Document Detail

Elevated serum levels of Vitamin D in infants with urolithiasis.
MedLine Citation:
PMID:  22555482     Owner:  NLM     Status:  MEDLINE    
INTRODUCTION: The pathophysiology of urolithiasis in infancy is not well known. The aim of this study was to investigate whether infants with urolithiasis have higher serum levels of vitamin D, as a possible risk factor for urolithiasis, compared to infants without urinary calculi.
MATERIALS AND METHODS: In this case-control study, 36 infants with urolithiasis (age range, 2.5 to 24 months) were enrolled as well as 36 age- and sex-matched infants without urolithiasis. Random urine samples were tested for calcium, phosphorous, oxalate, citrate, uric acid, sodium, potassium, magnesium, and creatinine levels, and also nitroprusside test was done on the samples. Serum levels of potassium, urea nitrogen, creatinine, 25-hydroxyvitamin D3, parathyroid hormone, calcium, phosphorous, and uric acid were measured in all of the infants with urolithiasis. Serum levels of 25-hydroxyvitamin D3 were also measured in the control group.
RESULTS: Serum levels of 25-hydroxyvitamin D3 were significantly higher in the infants with urolithiasis than in the controls (33.85 ± 14.78 ng/mL versus 18.26 ± 7.43 ng/mL, P < .001). Nine infants in the urolithiasis group (25%) were found to have hypercalcemia; 3 of these cases also had hypervitaminosis D. Hypercalciuria was detected in 10 infants with urolithiasis (27.8%), hypocitraturia in 6 (16.7%), hypomagnesiuria in 3 (8.3%), and hyperoxaluria in 1 (2.8%). Nineteen infants with urolithiasis had at least one metabolic disorder.
CONCLUSIONS: High serum levels of vitamin D may play an important role in the pathogenesis of urolithiasis in infants with hypercalcemia. We recommend evaluation of vitamin D levels in these infants.
Mohammad Hossein Fallahzadeh; Javad Zare; Ghamar Hosseini Al-Hashemi; Ali Derakhshan; Mitra Basiratnia; Mohammad Mehdi Arasteh; Mohammad Amin Fallahzadeh; Mohammad Kazem Fallahzadeh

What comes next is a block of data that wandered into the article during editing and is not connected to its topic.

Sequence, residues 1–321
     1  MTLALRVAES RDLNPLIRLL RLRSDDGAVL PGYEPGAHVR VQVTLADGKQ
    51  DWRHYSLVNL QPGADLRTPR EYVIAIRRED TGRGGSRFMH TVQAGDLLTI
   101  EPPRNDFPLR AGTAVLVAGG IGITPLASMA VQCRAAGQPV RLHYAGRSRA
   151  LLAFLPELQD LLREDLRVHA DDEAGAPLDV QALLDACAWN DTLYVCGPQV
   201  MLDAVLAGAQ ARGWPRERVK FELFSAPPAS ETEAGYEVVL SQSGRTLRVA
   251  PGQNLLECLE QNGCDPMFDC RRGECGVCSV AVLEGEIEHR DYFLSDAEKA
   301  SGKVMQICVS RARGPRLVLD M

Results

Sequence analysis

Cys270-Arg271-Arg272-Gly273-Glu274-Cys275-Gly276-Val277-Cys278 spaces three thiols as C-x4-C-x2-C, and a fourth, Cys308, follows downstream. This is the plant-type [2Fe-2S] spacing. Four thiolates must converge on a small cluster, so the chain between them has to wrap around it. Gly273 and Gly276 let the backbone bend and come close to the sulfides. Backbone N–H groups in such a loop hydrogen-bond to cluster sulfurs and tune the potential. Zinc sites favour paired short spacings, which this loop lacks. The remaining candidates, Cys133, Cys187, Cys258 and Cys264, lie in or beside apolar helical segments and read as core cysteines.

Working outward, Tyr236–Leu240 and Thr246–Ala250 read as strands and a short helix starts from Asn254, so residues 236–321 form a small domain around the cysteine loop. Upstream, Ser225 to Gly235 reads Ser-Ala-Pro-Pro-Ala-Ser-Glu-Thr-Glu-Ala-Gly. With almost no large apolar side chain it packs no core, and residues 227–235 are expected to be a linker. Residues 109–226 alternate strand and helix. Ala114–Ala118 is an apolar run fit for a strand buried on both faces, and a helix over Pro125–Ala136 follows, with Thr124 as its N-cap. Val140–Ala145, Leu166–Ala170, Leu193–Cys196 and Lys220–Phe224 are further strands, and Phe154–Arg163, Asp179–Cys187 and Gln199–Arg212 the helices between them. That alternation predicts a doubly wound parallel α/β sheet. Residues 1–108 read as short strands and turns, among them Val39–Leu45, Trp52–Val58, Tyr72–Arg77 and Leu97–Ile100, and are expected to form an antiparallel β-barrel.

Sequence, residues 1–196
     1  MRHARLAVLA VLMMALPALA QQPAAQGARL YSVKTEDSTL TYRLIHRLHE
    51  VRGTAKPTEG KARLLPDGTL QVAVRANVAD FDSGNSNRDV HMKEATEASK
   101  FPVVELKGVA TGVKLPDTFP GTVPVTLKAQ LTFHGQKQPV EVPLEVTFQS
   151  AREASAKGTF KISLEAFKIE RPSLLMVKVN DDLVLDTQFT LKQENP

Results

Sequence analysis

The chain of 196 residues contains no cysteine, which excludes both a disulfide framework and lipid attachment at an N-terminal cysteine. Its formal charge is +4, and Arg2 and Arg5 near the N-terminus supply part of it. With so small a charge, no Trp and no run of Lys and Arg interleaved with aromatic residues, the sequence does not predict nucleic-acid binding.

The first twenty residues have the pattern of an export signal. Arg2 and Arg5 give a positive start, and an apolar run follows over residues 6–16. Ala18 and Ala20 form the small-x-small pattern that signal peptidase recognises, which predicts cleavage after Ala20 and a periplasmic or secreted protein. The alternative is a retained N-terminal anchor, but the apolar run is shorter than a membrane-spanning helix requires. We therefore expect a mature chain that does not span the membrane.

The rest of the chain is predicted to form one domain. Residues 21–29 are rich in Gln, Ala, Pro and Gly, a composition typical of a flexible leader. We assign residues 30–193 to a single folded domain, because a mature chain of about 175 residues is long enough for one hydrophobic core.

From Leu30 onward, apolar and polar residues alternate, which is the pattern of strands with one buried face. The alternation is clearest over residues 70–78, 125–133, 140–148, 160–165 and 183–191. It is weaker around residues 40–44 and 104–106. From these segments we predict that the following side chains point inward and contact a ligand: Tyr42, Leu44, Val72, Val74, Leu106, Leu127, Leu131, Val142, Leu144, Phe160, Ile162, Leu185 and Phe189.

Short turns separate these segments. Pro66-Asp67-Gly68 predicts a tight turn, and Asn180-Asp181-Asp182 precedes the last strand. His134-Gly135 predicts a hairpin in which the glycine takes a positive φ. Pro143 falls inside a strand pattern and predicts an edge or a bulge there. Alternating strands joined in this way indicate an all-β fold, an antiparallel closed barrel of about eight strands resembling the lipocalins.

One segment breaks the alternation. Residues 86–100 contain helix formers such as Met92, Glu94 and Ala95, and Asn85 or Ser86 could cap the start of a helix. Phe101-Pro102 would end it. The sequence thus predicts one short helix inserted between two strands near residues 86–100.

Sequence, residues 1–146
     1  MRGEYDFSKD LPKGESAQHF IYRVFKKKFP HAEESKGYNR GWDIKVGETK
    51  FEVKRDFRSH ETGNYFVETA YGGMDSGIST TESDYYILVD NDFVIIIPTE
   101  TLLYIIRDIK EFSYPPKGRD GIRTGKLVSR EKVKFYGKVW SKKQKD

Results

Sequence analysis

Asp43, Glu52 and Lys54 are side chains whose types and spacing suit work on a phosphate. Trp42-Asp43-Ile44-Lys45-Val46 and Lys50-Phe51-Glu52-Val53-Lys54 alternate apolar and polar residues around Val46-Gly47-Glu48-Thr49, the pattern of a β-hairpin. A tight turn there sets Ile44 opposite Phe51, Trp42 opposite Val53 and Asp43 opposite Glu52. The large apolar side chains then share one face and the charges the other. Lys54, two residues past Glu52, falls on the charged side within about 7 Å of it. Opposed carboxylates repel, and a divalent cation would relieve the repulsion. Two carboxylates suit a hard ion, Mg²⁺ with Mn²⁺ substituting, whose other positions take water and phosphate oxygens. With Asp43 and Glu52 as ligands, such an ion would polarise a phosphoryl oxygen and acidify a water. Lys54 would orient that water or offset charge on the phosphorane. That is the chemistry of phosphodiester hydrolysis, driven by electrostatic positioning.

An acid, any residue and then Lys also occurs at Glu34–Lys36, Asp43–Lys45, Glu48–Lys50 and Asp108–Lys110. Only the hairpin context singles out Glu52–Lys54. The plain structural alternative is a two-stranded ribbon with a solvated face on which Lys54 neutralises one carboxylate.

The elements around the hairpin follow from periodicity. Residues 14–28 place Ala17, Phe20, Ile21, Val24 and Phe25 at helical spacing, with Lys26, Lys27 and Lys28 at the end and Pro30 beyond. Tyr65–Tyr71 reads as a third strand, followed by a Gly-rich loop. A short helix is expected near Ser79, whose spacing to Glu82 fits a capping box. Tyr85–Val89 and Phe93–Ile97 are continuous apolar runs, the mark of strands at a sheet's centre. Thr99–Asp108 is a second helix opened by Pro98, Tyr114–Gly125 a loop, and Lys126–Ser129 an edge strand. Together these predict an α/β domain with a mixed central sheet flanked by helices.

Publication Detail:
Type:  Journal Article; Research Support, Non-U.S. Gov't    
Journal Detail:
Title:  Iranian journal of kidney diseases     Volume:  6     ISSN:  1735-8604     ISO Abbreviation:  Iran J Kidney Dis     Publication Date:  2012 May 
Date Detail:
Created Date:  2012-05-04     Completed Date:  2012-07-16     Revised Date:  2012-11-08    
Medline Journal Info:
Nlm Unique ID:  101316967     Medline TA:  Iran J Kidney Dis     Country:  Iran    
Other Details:
Languages:  eng     Pagination:  186-91     Citation Subset:  IM    
Shiraz Nephro-Urology Research Center, Shiraz University of Medical Sciences, Shiraz, Iran.
Export Citation:
APA/MLA Format     Download EndNote     Download BibTex
MeSH Terms
Biological Markers / metabolism
Calcifediol / metabolism*
Case-Control Studies
Kidney Calculi / blood*,  etiology,  urine
Risk Factors
Vitamin D / administration & dosage
Vitamins / administration & dosage
Reg. No./Substance:
0/Biological Markers; 0/Vitamins; 1406-16-2/Vitamin D; 19356-17-3/Calcifediol
Comment In:
Iran J Kidney Dis. 2012 Sep;6(5):391-2   [PMID:  22976269 ]

From MEDLINE®/PubMed®, a database of the U.S. National Library of Medicine

Previous Document:  Paraoxonase 1 Polymorphisms in Patients With Primary Glomerulonephritis: a Single-center Study in Tu...
Next Document:  Effect of submaximal aerobic exercise in hypoxic conditions on proteinuria and hematuria in physical...